Airports around the globe had a few hours of worry today. Here in public health, we really don’t have a role in that type of situation (though initial reports did mention radiological material might have been involved), but it’s good to know what’s going on so if we get media calls or someone asks our executive, it won’t be a complete surprise and we come off looking out-of-touch. In a potentially bad situation, everything came out very well — no explosives, no one hurt, get to practice our media monitoring and we look good to the executive.
So, what did we do?
Well, I first found out about the situation on Twitter. One of the local TV stations had a couple of “developing” type tweets about something going on at the airport. I checked with some of our official internal channels and found that this might actually be something. I alerted my bosses and was advised to maintain situational awareness. I was able to manage that through a combination of official and unofficial channels. The official ones, for obvious reasons, I can’t tell you about. The unofficial ones, the ones that really helped develop the overall story for updates to our executive, I’ll describe in detail for you.
The tools. First, two screens. There’s simply too much information for just one screen. Since I don’t have two screens, I used a laptop next to my monitor. One on monitor, I had two browser windows open with internal tools.On the other monitor, Twitter and websites. I had one browser window open to a national media list on Twitter for official news releases. I had another browser window open to TweetGrid. TweetGrid is a great little website that allows you to run concurrent, live searches on Twitter. First, you pick how many searches you want to run (I’ve found that I can’t do more than the 2×3 grid), then type your search terms (or hashtags) into the boxes on your screen. Each box will then update, in real-time, with tweets that include your search terms. The key here isn’t to find one nugget of wisdom in these streaming tweets, but to pick up on things that are just happened. If a half-dozen people report on something (not RT’ing the same message), it’s something to investigate further. If one of the tweets is from a national news outlet, take it with more credence. This takes some getting used to, but really helps in picking out new topics. As new topics presented themselves, I would look on the national and local news websites that I also had open. As I found new search terms, I would swap out older, less useful search terms (at one point, I got rid of bomb threat and added Portland, due to the suspicious device found in Maine).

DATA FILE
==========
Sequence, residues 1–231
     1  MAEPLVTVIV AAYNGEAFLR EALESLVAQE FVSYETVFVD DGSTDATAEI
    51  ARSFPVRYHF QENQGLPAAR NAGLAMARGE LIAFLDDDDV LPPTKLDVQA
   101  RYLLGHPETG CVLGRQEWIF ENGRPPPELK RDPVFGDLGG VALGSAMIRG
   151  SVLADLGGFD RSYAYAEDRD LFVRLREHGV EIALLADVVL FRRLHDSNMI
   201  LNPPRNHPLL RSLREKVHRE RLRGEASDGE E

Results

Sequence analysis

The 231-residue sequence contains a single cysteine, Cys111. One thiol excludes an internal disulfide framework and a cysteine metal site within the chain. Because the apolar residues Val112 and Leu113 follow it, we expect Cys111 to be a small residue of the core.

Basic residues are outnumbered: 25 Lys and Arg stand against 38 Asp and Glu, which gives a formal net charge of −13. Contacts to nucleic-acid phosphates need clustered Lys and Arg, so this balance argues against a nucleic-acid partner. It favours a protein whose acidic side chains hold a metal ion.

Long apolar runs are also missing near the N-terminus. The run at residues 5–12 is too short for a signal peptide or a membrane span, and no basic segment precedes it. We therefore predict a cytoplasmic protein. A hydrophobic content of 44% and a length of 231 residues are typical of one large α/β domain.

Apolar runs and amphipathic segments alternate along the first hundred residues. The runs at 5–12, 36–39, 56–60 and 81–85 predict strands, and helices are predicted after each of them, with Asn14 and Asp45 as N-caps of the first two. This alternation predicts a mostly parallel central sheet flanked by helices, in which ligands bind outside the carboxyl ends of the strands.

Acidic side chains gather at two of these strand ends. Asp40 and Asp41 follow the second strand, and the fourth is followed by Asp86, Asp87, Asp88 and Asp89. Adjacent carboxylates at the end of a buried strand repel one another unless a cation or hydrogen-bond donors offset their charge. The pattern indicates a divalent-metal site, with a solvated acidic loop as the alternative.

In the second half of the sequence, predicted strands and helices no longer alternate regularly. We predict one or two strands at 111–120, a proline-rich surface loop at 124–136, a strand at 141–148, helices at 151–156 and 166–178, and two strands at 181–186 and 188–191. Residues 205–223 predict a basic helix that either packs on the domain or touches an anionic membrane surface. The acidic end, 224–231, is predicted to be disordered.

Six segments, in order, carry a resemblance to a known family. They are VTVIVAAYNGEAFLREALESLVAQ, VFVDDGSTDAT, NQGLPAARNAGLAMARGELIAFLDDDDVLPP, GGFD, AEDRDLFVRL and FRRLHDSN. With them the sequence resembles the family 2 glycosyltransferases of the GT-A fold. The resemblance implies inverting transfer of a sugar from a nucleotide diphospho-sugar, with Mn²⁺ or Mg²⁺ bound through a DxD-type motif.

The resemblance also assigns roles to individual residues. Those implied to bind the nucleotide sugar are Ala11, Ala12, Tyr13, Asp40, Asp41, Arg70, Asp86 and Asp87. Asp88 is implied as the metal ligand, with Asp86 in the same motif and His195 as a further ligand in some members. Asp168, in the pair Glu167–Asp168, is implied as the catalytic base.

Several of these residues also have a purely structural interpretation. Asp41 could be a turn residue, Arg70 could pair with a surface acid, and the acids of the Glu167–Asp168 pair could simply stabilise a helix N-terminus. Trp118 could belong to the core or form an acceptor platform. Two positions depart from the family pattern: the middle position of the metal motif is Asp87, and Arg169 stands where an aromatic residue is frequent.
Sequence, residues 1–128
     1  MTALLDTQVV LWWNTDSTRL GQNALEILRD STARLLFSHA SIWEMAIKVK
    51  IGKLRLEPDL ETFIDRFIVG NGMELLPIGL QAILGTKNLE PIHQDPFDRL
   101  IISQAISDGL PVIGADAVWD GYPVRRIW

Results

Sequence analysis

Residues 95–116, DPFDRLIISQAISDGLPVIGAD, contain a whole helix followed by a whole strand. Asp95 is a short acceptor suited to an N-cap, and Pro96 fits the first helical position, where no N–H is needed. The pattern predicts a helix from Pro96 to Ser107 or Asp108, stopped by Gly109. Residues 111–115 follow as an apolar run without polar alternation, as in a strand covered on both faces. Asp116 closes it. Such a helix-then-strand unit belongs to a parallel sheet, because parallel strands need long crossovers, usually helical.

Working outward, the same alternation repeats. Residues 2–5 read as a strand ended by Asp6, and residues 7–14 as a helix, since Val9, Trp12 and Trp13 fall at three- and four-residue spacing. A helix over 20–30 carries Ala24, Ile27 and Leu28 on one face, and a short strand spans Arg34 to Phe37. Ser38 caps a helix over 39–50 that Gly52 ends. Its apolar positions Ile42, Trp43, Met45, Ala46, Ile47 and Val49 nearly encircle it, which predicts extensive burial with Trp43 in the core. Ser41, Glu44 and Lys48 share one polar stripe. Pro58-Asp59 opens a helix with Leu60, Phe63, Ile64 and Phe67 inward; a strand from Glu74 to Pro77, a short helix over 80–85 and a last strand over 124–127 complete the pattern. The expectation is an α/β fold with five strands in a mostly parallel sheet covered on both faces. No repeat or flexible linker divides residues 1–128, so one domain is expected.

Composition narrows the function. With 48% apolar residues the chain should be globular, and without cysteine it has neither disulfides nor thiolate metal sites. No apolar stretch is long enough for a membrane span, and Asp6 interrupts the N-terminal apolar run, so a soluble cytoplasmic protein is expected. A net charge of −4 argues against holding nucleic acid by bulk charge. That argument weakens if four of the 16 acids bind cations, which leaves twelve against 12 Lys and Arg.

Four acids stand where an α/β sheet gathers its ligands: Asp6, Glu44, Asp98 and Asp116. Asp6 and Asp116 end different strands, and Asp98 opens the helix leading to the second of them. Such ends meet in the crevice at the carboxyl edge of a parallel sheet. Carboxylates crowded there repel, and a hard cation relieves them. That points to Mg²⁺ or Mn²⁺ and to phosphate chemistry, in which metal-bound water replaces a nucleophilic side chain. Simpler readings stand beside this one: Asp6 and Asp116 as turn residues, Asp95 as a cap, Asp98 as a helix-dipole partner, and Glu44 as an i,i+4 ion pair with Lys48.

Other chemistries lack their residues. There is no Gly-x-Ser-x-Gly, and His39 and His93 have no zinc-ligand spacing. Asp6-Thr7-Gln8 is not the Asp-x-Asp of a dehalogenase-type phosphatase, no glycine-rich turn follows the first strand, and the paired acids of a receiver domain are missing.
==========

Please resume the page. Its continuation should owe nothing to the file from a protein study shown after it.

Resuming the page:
In the past, I advocated using a tool like Netvibes (or CrisisWire) as a dashboard for situational awareness, but today I found it too difficult to set up day of.
Using the best of social media, mass media and official, internal reports, I was able to provide real-time updates to my PIO, boss and executive on a rapidly expanding incident that had the potential to grow into something that could affect our department. I know that this reads like a paean to Twitter, but I found that it gave me unprecedented insight into what was happening around the globe and in my own backyard — even more than my official channels, at times.
So much is written about how Twitter is a great tool for broadcasting emergency messages, or for developing relationships with one’s stakeholders (both of which we here in Philadelphia have experienced); rarely, though, does anyone mention what a great tool it is for obtaining situational awareness. And that’s a mistake, because while not everyone uses Twitter to receive messages, a whole bunch of people use Twitter to send messages. Messages with information we need. Are you paying attention?